Contract Principles Implementing Municipal Purpose

By Sue Ann Nicely, OML Associate General Counsel

Public Purpose.  The term "public purpose" is a fluid concept which has eluded precise definition.  Wolper v. City of Charleston, 336 S.E. 2d 871,875 (S.C. 1985).  A public purpose is a purpose which:  1) is effected with a public interest; and 2) is performed by the public body in the exercise of its governmental functions.  Board of County Commissioners of Marshall County v. Shaw, 85 P.2d 507 (Okl. 1947). 

The courts have been unable to establish hard and fast rules by which to determine which purposes are public and which are deemed private.  It has been noted that any attempt to establish such a fixed definition would result "in confusion and contradictions."  15 McQuillin, Municipal Corporations, (3rd Ed.) Section 44.35.

In Marshall County v. Shaw, 182 P.2d 507, 515 (1947), the Oklahoma Supreme Court held that the term "public purpose" should not be construed in a narrow or restricted sense and that a determination by the legislative body of what is a proper public purpose for the expenditure of funds should not be held unconstitutional unless the facts clearly establish a violation.  Similarly, in Rural Water District No. 3, Pushmatah County v. Antlers Public Works Authority, 866 P.2d 458 (Okl. App. 1993), the Oklahoma Court of Appeals noted that, as a general rule, any public purpose associated with a municipality will be sufficient to defeat a claim of constitutional infirmity under Article 10, Section 17.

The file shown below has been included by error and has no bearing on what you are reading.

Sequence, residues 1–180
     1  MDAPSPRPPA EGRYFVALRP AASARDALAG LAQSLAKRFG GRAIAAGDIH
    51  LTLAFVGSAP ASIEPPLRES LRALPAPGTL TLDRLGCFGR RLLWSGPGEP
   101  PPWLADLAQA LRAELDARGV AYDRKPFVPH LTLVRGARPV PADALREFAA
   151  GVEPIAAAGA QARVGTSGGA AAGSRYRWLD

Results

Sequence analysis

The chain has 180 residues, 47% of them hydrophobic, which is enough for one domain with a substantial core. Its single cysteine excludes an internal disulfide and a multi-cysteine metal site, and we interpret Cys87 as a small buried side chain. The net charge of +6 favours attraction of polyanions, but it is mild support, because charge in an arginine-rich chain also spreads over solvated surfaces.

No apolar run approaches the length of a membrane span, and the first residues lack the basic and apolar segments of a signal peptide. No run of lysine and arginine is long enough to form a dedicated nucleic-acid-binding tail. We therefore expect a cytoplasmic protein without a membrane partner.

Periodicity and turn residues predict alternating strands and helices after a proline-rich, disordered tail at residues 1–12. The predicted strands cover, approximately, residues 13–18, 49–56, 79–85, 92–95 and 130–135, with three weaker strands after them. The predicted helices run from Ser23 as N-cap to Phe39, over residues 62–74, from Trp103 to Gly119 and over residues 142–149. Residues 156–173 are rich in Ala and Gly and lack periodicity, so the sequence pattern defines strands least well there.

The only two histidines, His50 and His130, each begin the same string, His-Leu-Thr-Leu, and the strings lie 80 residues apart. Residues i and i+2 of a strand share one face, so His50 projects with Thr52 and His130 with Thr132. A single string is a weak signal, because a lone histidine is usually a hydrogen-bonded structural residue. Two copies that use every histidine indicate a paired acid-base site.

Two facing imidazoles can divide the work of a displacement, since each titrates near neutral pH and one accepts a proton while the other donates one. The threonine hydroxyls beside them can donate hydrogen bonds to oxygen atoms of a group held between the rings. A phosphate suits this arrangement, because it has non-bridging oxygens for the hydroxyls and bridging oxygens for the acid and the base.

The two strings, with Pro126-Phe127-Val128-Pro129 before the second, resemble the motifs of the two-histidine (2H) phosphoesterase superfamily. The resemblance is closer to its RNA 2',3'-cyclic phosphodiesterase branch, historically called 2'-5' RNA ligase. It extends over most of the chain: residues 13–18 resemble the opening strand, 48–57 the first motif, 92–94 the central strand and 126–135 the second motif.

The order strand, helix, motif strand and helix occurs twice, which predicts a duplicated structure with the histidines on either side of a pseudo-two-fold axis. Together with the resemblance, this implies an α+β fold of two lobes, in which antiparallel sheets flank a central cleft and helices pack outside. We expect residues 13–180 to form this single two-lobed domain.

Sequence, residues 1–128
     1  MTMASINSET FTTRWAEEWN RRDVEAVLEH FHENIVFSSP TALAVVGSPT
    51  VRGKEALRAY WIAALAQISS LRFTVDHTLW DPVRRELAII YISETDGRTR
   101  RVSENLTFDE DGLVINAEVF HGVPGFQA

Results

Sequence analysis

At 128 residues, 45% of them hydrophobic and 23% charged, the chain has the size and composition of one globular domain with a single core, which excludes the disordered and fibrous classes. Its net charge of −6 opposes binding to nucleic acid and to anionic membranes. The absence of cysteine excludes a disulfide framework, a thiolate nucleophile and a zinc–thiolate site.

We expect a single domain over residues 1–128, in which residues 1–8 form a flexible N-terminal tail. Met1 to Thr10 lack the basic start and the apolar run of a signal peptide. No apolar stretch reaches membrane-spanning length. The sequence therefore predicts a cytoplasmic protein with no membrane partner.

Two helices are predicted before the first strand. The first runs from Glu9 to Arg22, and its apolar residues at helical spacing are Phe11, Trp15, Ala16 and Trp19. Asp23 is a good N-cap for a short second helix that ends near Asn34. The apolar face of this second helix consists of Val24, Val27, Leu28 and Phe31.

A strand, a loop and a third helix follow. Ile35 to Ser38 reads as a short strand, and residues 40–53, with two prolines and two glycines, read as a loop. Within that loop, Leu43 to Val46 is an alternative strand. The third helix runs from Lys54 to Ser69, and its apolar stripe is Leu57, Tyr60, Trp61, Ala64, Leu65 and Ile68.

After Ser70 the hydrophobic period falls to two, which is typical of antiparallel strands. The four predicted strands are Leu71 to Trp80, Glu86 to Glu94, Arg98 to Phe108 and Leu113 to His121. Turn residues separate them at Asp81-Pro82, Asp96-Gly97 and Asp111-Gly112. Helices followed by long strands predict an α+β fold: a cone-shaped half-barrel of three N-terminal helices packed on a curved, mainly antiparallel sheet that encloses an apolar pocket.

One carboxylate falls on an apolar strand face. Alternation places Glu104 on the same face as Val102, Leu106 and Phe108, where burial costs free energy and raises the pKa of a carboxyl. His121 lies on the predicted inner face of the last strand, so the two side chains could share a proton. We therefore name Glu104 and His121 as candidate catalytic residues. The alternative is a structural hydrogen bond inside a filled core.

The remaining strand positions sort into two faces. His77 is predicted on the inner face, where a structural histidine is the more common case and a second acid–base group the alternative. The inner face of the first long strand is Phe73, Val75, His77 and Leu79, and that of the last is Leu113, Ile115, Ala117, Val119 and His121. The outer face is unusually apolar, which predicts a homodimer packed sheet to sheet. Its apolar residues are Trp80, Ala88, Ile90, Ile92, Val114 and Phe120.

Economic Development.  Economic Development has been determined by the Oklahoma Supreme Court to be a proper municipal public purpose under the Oklahoma Constitution at Article 10, Section 14.  There are two cases which set out the parameters of the legal requirements in this arena.  They are Burkhardt v. the City of Enid,  1989 OK 45 and State of Oklahoma, ex. rel. Brown v. The City of Warr Acres, 1997 OK 117.

The Burkhardt court discussed the need for consideration and accountability in the economic development relationship with outside entities.  The Warr Acres case contains further guidance on the particulars of these key concepts in contract law.

While recognizing that the details of the plan matter, the courts have recognized the need for flexibility in crafting economic development plans.  The Warr Acres court held that the "structure of economic development arrangements must change and grow over time to reflect and respond to increased commercial competition and complexities.  An economic development plan, in whatever form it takes, will be upheld so long as it serves a public purpose and otherwise meets constitutional requirements."

 

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